As shown in connection with the shut-off valve 15 the tube 24 has a second section 25 at a free end 26 of which is attached an individual suction applicator, customarily made of either glass or plastic, indicated at 27.
Applicators of various descriptions are adapted to be secured to the free end 26 of the respective tube 24, in appreciable variety. The applicator 27 has a relatively large annular end edge 30 and applicator 31, as in FIGS. 6 and 6a has a relatively elongated flat end edge 32 providing a narrow orifice 33 intermediate elongated portions of the end edge 32 as shown in FIG. 6a.
which communicates with a central opening 39 in the second section of the tube 24.
In FIG. 7 is shown an elongated applicator 40 provided with an annular end edge 41 smaller in diameter than the end edge 32 of the applicator 31. An extension 42 fits into the free end 26 in sealed condition by use of the beaded end 43. A chamber 44 in the applicator 40 is in communication with a passage 45 in turn in communication with a central opening 46 of the section 23 of the tube.
Again in FIG. 8 is shown an applicator 47 which is of elongated bent configuration provided wtih an elbow 48 terminating in a rounded end edge 49. An extension 50 at the opposite end provided with a beaded end 51 is in sealed engagement with the free end 26 of the section 23 of tube. A chamber 52 in the applicator 47 is in communication with a passage 53, in turn in communication with a central opening 54 in the section 23 of the tube.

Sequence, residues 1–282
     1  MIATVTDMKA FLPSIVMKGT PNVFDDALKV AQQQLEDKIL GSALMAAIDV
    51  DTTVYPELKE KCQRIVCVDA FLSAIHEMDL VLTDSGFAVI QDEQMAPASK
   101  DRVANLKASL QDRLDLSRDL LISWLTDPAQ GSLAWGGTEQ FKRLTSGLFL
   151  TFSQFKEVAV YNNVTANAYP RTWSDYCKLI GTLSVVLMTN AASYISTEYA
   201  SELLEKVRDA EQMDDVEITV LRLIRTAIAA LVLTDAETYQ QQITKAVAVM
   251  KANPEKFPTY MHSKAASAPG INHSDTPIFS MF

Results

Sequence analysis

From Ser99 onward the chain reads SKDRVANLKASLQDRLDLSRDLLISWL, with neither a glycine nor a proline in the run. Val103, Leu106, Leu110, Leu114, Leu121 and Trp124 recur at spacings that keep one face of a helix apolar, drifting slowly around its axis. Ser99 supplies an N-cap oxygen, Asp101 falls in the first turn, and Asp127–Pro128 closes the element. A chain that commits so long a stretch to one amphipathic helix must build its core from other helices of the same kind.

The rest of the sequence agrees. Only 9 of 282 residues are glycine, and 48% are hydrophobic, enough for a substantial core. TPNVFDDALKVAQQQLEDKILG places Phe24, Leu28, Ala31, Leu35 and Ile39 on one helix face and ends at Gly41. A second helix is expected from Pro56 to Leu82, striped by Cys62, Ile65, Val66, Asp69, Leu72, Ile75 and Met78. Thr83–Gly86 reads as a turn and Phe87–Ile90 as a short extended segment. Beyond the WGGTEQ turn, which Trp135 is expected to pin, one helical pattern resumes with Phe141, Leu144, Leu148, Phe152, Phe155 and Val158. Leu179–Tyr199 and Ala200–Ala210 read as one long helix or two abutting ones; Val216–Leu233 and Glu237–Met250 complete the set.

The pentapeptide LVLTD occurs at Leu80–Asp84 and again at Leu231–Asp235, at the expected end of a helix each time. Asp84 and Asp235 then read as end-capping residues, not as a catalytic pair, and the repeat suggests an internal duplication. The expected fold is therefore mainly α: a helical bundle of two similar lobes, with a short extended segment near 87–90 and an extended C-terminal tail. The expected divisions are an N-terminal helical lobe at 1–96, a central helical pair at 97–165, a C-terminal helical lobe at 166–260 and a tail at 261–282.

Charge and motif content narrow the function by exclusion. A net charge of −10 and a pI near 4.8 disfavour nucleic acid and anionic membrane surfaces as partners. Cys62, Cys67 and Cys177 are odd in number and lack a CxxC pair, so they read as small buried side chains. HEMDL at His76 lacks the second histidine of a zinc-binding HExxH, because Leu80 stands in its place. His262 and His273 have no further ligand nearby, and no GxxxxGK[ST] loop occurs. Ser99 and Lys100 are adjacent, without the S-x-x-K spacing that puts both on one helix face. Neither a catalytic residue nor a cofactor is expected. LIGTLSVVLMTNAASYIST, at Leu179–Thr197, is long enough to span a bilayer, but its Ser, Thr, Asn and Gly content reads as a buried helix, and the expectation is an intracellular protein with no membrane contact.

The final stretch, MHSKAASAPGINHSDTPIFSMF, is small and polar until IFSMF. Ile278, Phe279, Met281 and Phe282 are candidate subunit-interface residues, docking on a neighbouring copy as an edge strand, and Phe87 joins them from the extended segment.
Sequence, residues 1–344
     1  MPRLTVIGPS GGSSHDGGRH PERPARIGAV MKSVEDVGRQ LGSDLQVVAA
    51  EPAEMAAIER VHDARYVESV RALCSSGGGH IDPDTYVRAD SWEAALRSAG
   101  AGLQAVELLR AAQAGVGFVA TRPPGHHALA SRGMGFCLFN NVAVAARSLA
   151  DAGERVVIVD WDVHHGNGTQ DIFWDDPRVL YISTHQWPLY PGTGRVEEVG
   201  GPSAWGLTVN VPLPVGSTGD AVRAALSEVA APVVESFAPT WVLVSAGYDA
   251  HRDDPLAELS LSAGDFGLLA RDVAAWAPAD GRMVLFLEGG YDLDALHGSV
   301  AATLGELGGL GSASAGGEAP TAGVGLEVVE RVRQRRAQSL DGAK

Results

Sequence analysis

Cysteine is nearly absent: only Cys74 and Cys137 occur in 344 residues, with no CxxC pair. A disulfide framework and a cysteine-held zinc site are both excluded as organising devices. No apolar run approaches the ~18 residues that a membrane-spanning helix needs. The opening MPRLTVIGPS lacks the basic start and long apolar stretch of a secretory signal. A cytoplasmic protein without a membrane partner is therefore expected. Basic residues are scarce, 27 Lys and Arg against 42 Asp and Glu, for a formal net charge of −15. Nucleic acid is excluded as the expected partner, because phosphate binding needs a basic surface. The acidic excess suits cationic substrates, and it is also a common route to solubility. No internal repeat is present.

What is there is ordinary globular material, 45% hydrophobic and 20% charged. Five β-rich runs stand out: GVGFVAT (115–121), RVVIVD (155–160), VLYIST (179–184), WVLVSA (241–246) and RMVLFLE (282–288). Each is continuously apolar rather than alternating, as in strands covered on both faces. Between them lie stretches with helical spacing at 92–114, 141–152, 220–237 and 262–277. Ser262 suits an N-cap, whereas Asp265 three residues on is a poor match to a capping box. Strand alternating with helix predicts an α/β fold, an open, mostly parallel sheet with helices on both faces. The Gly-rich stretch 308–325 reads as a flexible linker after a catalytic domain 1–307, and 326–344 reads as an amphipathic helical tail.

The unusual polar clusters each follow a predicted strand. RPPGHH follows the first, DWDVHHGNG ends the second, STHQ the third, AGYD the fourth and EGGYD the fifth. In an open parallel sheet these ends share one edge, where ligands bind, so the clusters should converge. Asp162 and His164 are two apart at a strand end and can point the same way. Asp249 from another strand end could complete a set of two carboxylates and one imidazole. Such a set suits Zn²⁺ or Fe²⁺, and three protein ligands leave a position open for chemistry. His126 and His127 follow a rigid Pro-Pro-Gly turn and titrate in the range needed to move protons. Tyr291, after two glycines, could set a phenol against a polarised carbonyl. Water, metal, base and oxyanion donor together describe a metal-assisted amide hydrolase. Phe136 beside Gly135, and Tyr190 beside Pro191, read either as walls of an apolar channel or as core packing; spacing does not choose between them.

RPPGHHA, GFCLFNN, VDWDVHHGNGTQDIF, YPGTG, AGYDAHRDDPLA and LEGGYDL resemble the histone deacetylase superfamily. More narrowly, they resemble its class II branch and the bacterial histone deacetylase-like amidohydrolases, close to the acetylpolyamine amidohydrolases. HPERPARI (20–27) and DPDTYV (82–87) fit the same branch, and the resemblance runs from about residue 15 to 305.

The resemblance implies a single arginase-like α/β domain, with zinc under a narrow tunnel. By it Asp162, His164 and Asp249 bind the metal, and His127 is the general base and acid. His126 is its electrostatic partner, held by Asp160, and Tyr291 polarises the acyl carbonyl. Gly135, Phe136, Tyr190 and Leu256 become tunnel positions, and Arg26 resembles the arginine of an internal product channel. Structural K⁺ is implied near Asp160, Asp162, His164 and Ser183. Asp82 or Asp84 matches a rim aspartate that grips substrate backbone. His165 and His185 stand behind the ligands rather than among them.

Of special note is the structure shown in FIG. 5 which in the chosen embodiment consists of a hollow bulbous member 55 providing a central chamber 56. On opposite sides of the hollow bulbous member 55 are extensions 57 and 58, the extension 57 terminating in a beaded end 59 and extension 58 terminating in a beaded end 60. The extension 57 is in sealed engagement with the section 25 of the tube 24 and the extension 58 is in field engagement with the section 23 of the tube 24. A typical location is shown in FIG. 1.
Within the central chamber 56 of the bulbous member 55 is a mass 61 of crumpled gauze which serves as a filter for fluid passing through the tube 24. To insert the mass of gauze the bulbous member is disconnected from the sections 23 and 25 of tube 24 and the mass is poked out of the chamber 56 by employment of an appropriate conventional elongated rod, after which a fresh new mass 61 of gauze can be poked into the central chamber 56 by reverse operation.